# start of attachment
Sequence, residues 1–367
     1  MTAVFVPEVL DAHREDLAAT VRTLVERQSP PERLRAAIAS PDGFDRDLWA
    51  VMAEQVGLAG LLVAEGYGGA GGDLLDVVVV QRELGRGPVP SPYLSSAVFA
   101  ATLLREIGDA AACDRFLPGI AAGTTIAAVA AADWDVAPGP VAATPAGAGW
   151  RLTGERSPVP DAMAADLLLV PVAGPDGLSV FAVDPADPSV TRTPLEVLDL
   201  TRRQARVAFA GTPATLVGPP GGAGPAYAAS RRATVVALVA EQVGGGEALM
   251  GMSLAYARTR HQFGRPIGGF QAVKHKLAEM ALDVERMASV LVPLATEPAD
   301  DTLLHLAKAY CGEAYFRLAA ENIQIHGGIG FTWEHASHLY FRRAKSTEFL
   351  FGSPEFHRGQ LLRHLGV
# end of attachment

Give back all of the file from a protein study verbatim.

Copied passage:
Sequence, residues 1–367
     1  MTAVFVPEVL DAHREDLAAT VRTLVERQSP PERLRAAIAS PDGFDRDLWA
    51  VMAEQVGLAG LLVAEGYGGA GGDLLDVVVV QRELGRGPVP SPYLSSAVFA
   101  ATLLREIGDA AACDRFLPGI AAGTTIAAVA AADWDVAPGP VAATPAGAGW
   151  RLTGERSPVP DAMAADLLLV PVAGPDGLSV FAVDPADPSV TRTPLEVLDL
   201  TRRQARVAFA GTPATLVGPP GGAGPAYAAS RRATVVALVA EQVGGGEALM
   251  GMSLAYARTR HQFGRPIGGF QAVKHKLAEM ALDVERMASV LVPLATEPAD
   301  DTLLHLAKAY CGEAYFRLAA ENIQIHGGIG FTWEHASHLY FRRAKSTEFL
   351  FGSPEFHRGQ LLRHLGV